The trick is falling in love with something enough, and being excited enough by something, to want to make that year and a half or two year commitment and wake up every morning at 5 to go deal with a whole day full of problems to get it up on the screen. You really need passion.
Actually, the British boarding school experience turns out to be not that exotic.
Music videos were this lucky career opportunity. They were assignments. I was providing a service, and they were meant to be punchy and gimmicky and fun.
I have these ideas that people go 'Oh, that's cool. I'd pay to see it, but I'm not gonna give you $25 million.'
I stopped making videos and commercials for a few months before I started films just to reset my clock because so much narrative filmmaking is a sense of tempo and rhythm.
Here's my tip: Have your production hire the best hair stylists on the planet to do your films and commercials, then casually hint about how great it would be to get a trim during lunch break.
I err on the side of a kind of optimistic agnostic sense that there's something that put us all here - some energy or something that we are not in a position to understand.
All the director wants is their idea of the movie to be believed in.
From a personal standpoint, I'd say that, yeah, seeing how quickly children grow, you realize how fast life goes by.
I think that I've learned to relax, and trust in and hire very talented people, and trust in their abilities a little more.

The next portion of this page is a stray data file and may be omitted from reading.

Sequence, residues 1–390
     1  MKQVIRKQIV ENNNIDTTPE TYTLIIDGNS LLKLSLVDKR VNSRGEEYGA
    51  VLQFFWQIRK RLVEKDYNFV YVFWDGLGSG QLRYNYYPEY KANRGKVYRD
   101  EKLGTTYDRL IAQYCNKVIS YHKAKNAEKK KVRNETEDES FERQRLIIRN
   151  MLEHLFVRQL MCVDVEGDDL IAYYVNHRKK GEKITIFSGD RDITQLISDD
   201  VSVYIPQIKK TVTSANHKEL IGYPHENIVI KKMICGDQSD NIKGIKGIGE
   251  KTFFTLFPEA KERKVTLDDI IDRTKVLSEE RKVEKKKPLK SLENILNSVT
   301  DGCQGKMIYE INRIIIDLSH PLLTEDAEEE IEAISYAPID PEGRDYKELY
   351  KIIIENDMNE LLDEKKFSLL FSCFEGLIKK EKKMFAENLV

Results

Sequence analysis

I'm of the school that I will direct you if you request it - if you have a question.
I always wanted to be a feature filmmaker and tried to treat that experience as some sort of elite film school where I could learn the craft, and got paid to learn the craft.
I do believe that there are auteurs, in the sense that there are filmmakers with very strong voices and their voices are communicated on to the screen without a lot of compromise.
I learned that when you're lucky enough to be surrounded by such talented people that you really become more of an orchestrator of this talent - you're just trying to harmonise everyone's contributions.
In some instances, I would say the writer does deserve equal billing with the director. In other instances the director - especially if he wrote part of the script himself - is clearly more the author of the movie.
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